3. Students and service users hosting a joint stand at Freshers Week to recruit new students who may be interested in working with the SURG groups.
  4. There is only a small budget for involvement activities so it has also been suggested that students and service users could collaborate on raising funds for recruitment and other activities. For example, students could publicise a simple fundraising day such as ‘dress up’ day. However, it should be noted that the original recommendation included that a centralised involvement budget was created for the SHSC with a contribution from each department within the school and Shaping Our Lives continues to support this recommendation.


  1. d) Communication strategy

In the survey SURG members commented that they would like to have more information about the involvement opportunities in other departments in the SHSC (generally they only know about involvement opportunities in the department they have been recruited to).


There has also been discussion that an involvement webpage could be used to raise awareness of the activities and opportunities. This would need some investment and resource to create and maintain but would be useful to service user representatives to share and find information more generally.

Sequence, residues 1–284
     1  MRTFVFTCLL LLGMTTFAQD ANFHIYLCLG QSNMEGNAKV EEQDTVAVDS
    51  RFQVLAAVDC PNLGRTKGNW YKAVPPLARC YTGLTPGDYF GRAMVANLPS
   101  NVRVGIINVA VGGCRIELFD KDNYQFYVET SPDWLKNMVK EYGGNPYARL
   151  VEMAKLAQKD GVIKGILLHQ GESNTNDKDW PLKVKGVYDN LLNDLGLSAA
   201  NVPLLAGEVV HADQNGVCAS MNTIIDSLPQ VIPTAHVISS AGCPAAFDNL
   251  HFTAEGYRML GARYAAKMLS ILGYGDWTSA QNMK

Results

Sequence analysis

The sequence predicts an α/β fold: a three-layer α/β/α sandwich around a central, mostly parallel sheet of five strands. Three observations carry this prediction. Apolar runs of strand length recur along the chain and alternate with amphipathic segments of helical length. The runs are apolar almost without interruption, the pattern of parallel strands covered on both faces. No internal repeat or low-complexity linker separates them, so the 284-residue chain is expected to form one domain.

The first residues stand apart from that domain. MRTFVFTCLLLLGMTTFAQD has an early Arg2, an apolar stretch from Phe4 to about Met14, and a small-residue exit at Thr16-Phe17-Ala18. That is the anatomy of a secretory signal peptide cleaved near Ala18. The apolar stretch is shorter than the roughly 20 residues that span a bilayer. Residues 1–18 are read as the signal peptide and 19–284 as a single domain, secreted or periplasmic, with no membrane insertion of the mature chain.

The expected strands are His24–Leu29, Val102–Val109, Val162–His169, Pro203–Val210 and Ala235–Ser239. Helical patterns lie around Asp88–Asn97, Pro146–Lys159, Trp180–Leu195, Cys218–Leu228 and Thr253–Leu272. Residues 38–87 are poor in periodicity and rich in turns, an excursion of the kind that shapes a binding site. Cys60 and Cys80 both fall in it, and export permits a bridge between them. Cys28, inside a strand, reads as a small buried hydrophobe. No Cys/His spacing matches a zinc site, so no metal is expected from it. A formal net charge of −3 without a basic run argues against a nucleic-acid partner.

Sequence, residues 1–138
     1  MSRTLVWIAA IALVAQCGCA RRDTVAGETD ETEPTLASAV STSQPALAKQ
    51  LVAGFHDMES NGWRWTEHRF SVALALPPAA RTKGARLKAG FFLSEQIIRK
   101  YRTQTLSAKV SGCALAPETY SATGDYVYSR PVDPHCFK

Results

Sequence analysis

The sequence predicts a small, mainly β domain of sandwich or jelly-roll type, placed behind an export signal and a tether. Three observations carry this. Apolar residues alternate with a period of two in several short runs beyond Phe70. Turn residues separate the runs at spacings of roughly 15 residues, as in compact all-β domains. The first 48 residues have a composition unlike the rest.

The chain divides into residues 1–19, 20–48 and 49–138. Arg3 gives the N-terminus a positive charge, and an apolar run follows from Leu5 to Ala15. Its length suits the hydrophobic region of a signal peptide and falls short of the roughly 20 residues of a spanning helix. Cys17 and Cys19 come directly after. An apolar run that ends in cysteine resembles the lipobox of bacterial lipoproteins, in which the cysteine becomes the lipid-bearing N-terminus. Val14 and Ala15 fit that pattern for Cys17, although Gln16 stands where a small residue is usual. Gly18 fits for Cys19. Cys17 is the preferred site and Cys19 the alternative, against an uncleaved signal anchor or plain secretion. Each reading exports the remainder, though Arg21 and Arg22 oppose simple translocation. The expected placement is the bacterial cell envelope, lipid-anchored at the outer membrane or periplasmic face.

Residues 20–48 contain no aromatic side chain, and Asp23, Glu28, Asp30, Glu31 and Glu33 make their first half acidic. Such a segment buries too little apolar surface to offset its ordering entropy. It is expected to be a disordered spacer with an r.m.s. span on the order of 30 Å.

Recommendation: To provide a central web based area for information and promotion of involvement activities.


Awareness raising of service user involvement in teaching needs to be promoted more widely and it is suggested that a presence at key times in the academic calendar would support this e.g. an involvement  stand at Freshers Week. It has also been agreed that the monthly newsletter for staff should include updates about involvement activities and the SURG meetings.


e) Future working with Shaping Our Lives

Although the involvement project that Shaping Our Lives was commissioned to complete has now finished, we are happy to continue to advise on developments. There has also been collaboration between Shaping Our Lives and the University of Essex on a number of funding applications and it is hoped that we can continue to provide a service user perspective and involvement expertise for these joint proposals. In particular, there is interest in Shaping Our lives facilitating a workshop to develop research ideas based on service user priorities.